It was ages ago. I was in the throws of a hellish middle school experience. A brushed-out perm, pink 80s glasses, and extra fluff around the middle don’t get a kid far at 13. It should also be said that being the no-filter-ADHD-please-like-me girl ushered me into the that kid status.
I spent afternoons laying on my bed, listening to Sinead O’Conner (probably not the smartest move for a depressed soul), staring up at the window above my headboard, watching the light dance through the blinds.
No one would miss me if I just ran away.
That was the dialogue my head repeated over and over again as I trudged through the taunts and jeers of bullies in middle school. My mother’s horrified as she’s reading this. But she would also tell you a mother’s love can only go so far to ease the hurt of her children.
For years I’ve watched students on the outskirts. Students who walk into my classroom without ever looking in my eyes because they believe they’re not worth being truly seen—known. They believe they don’t matter.
And the classroom is only a microcosm of society. Because she walks into church dragging the weight of her mistakes with her shoulders hunched low, scraping against the backs of pews and sinners.
On the street corner he crouches, head bent against the scorching sun and grime-filled fingers hold a sign—Brother can you spare a dime?
Her children fight and fuss and scream down the grocery aisle while she clings to the cart by a thread wondering if there’s more to life than showerless days and adultless conversations.
In the office where gray walls bleed into reality, he tap, tap, taps the keyboard, staring into spreadsheet oblivion hoping he may just get to see the kids this weekend.
All of them with the same three words echoing through their thoughts.
I don’t matter.
It’s the cry of the human condition.
Painful words for someone who once believed them. Painful words for the one who believes them now.
We want to believe we are important—more than a simple number in time. We’re desperate to know our lives have purpose and meaning. When we realize there’s a reason for our birth, we can see reason for our days.
Insignificance. No bigger lie dwells in our souls. No bigger lie threatens the goodness of God more. Because we matter.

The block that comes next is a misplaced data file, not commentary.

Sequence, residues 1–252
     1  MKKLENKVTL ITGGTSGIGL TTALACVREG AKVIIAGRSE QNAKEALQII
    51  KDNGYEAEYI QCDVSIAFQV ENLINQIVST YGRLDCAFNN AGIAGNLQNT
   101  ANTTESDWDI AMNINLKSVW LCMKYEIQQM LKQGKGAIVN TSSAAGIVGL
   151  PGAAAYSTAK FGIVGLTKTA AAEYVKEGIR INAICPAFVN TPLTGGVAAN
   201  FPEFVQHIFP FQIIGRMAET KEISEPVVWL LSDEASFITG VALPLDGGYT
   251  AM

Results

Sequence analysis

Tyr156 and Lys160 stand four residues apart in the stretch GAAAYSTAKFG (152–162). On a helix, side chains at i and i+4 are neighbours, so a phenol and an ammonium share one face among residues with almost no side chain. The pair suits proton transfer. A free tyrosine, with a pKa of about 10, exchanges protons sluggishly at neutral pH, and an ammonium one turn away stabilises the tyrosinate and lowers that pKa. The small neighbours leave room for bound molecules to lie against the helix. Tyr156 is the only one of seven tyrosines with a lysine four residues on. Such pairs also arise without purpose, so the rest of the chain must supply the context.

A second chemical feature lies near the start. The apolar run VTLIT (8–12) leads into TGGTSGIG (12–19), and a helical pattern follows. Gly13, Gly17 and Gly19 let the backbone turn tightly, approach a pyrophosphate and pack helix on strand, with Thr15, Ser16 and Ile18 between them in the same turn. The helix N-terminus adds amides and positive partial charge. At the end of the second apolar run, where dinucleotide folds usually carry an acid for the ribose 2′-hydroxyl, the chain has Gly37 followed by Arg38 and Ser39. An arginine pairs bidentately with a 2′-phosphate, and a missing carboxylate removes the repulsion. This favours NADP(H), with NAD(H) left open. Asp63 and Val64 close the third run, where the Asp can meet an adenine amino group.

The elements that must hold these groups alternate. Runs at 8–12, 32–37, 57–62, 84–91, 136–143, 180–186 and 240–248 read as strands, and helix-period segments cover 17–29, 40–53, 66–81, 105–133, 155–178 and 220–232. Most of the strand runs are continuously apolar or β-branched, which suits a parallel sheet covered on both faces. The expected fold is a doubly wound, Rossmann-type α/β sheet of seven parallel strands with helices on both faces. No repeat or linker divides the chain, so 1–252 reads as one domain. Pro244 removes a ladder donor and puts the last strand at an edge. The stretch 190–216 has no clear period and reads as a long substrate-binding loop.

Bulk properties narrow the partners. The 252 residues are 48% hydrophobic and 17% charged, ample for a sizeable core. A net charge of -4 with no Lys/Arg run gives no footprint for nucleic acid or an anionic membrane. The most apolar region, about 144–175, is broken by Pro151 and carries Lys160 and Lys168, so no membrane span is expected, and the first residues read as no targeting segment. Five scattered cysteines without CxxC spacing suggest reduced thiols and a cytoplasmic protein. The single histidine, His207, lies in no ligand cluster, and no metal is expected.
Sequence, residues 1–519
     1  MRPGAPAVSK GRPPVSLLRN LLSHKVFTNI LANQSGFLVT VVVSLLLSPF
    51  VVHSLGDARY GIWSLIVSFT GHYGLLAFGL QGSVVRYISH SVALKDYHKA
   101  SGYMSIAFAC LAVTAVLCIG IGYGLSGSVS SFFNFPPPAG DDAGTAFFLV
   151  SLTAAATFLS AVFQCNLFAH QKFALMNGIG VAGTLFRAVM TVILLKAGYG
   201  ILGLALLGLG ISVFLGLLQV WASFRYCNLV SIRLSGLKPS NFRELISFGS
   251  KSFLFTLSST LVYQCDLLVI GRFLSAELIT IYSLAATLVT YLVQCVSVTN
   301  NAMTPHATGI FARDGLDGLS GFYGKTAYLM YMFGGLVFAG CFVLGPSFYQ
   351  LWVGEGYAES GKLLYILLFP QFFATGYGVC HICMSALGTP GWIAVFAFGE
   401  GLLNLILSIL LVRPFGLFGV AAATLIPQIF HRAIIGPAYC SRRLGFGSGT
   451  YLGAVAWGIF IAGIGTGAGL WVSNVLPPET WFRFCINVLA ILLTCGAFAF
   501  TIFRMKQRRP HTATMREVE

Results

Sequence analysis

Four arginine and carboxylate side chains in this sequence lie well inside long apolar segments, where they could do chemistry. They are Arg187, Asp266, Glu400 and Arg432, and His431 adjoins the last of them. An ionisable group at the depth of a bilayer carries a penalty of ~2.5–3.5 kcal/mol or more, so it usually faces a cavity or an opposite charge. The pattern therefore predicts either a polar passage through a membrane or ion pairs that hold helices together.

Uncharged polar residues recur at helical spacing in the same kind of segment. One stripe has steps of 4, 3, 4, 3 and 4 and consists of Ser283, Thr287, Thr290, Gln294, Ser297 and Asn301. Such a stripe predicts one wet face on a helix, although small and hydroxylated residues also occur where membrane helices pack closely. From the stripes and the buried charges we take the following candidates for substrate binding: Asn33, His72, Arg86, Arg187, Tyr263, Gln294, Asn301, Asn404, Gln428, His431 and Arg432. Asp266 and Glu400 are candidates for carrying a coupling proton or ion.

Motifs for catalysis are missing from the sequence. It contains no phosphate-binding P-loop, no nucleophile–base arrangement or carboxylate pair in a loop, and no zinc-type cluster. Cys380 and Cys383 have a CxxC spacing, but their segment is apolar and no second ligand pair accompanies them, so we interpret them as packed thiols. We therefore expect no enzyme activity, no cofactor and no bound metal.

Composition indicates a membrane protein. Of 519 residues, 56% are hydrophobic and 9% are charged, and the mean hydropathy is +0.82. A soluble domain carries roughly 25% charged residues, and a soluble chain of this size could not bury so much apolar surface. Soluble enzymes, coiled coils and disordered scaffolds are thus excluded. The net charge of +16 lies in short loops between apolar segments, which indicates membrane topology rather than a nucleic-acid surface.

We have value, not because of what we accomplish, but because we exist. We’re significant because we have breath. We have worth because our heart beats within our chest.
You’re important because on a planet with billions of people walking through their days, there is not a single one like you. Or like me. The master artist created His finest work when He created you.
The one thing that kept me home? The one reason I never ran away? The one reason my life found the light of Hope?
I knew Jesus.
If I never mattered to a single person on this planet, I mattered to Him.
That became enough.
And now? Because I have a purpose, because I matter? I have work to do. How can we heal the wounds of the outcasts? How can we bring healing to a culture that only allows a few to have a chance at significance?
By being brave. By being bold. By wrapping our arms around those only a few dare to love. By teaching our children to do the same.
Friends, we must look into the eyes of humanity and see people—really see them.
Every soul matters. Every. single. one. Christ proved it when he so loved the whole wide world from the splintered wood of the cross.
I want to stop seeing black and white, gay and straight, affluent and marginalized, Muslim and Christian, college educated and high school dropout. Instead? I want to open my eyes and see humans and love them. God’s finest artwork.
I want to stop seeing labels and start seeing souls.
Because every soul matters.
I’m in love with the God who sees us for who we really are—not for the names we’ve been called. I’m in love with the God who sees me. Who sees you. I’m in love with the God who adores His creation.
And if He were to write on walls today? Words He might want you to see?